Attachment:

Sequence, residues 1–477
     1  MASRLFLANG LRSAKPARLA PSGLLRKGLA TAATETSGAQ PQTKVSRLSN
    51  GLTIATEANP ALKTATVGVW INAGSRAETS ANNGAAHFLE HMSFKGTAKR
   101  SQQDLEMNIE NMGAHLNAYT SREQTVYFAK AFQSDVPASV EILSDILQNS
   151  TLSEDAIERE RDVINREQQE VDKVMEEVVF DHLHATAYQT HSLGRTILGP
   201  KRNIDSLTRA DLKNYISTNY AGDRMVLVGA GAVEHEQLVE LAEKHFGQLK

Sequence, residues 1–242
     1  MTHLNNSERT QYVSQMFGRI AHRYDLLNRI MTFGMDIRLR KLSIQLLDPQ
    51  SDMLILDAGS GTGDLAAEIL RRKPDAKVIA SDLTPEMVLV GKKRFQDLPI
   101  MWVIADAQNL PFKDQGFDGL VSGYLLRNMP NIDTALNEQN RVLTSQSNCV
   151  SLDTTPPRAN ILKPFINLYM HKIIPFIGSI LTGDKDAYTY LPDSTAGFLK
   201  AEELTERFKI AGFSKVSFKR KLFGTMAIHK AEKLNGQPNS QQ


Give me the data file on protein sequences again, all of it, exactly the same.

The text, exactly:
Sequence, residues 1–477
     1  MASRLFLANG LRSAKPARLA PSGLLRKGLA TAATETSGAQ PQTKVSRLSN
    51  GLTIATEANP ALKTATVGVW INAGSRAETS ANNGAAHFLE HMSFKGTAKR
   101  SQQDLEMNIE NMGAHLNAYT SREQTVYFAK AFQSDVPASV EILSDILQNS
   151  TLSEDAIERE RDVINREQQE VDKVMEEVVF DHLHATAYQT HSLGRTILGP
   201  KRNIDSLTRA DLKNYISTNY AGDRMVLVGA GAVEHEQLVE LAEKHFGQLK

Sequence, residues 1–242
     1  MTHLNNSERT QYVSQMFGRI AHRYDLLNRI MTFGMDIRLR KLSIQLLDPQ
    51  SDMLILDAGS GTGDLAAEIL RRKPDAKVIA SDLTPEMVLV GKKRFQDLPI
   101  MWVIADAQNL PFKDQGFDGL VSGYLLRNMP NIDTALNEQN RVLTSQSNCV
   151  SLDTTPPRAN ILKPFINLYM HKIIPFIGSI LTGDKDAYTY LPDSTAGFLK
   201  AEELTERFKI AGFSKVSFKR KLFGTMAIHK AEKLNGQPNS QQ